If we want to bridge our differences, there is no better, or harder, or more deeply satisfying way than to listen to each other’s stories. Some of you know of the organization Braver Angels. It started after the 2016 election, and made it its point to bring people together across all the lines that divide us, not to convert each other to our own points of view, but instead to enable people to tell to each other the stories of their lives. It’s an organization that some here are eager to bring to Federated. It provides a way to connect across all the lines that divide us—political, economic, racial, religious. And it’s a way we can talk to each other not just in organizations, but in our families, as well. Listening, refusing to judge, seeing beneath the façade to the vulnerable core that lies in each of us. This is a good part of what it is to be in unity with each other.
All too often, of course, this may seem easier said than done. Given the culture’s fever pitch of exasperation and vitriol, you could be forgiven for wondering: how is it possible to make this happen on your own? So it’s telling, it seems to me, that this plea from Jesus for oneness comes in the context of prayer. It would be one thing if Jesus were to say to you, as you seethe about the apparent impossibility of being united with someone who has hurt you deeply, or who has stood for everything you find repulsive—it would be one thing if Jesus said to you, “You need to make this right and join together with your nemesis.” To which we might well think: Fat chance! It would be another thing entirely, though, if Jesus said to you, “I know how hard it will be for you to find a unity with that person who fries you. So I’m not asking you to make that happen on your own. What I’m inviting, instead, is for you to go to God to ask for the power to do what you likely cannot do for yourself.”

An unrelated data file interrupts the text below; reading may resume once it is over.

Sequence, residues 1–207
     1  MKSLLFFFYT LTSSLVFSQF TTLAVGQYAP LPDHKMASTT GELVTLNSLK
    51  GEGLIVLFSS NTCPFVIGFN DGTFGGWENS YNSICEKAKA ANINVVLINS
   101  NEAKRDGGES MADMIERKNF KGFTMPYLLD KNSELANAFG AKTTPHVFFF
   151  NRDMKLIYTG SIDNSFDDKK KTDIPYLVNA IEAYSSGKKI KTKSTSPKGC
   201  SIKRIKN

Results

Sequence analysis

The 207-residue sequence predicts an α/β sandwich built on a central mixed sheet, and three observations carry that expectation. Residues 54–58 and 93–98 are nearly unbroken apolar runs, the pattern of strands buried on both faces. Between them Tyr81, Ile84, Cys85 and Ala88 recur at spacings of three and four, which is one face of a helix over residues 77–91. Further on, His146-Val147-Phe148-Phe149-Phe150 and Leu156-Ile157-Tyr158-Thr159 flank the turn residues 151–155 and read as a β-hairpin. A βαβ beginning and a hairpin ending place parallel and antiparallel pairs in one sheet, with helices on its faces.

There are lots of things my will-power doesn’t do so well on its own. I’m not great at resisting that extra piece of chocolate after dinner. I’m not always so good at getting myself out of my discouraging moods. I’m less than perfect at remaining even-keeled when things don’t go the way I want them to go. My own will-power often seems not up to the more challenging tasks of life.
When I turn to God, though, something happens that I cannot make happen on my own. It doesn’t always happen, and it’s not like I can turn on this invisible switch to make it all go easily. It’s just that when I go to God and say, “God, I’m in over my head here; I could use a little help,” it’s just then that a gentle breeze may soar beneath my wings and lift me to a place I couldn’t fly to on my own. As generations of twelve-step participants and centuries of mystics have discovered, it’s when we turn things over to a higher power, it’s when we relinquish control, it’s when we “let go and let God”—it’s in that very surrender that we can find the strength and the wherewithal to do what we may well not be able to do on our own.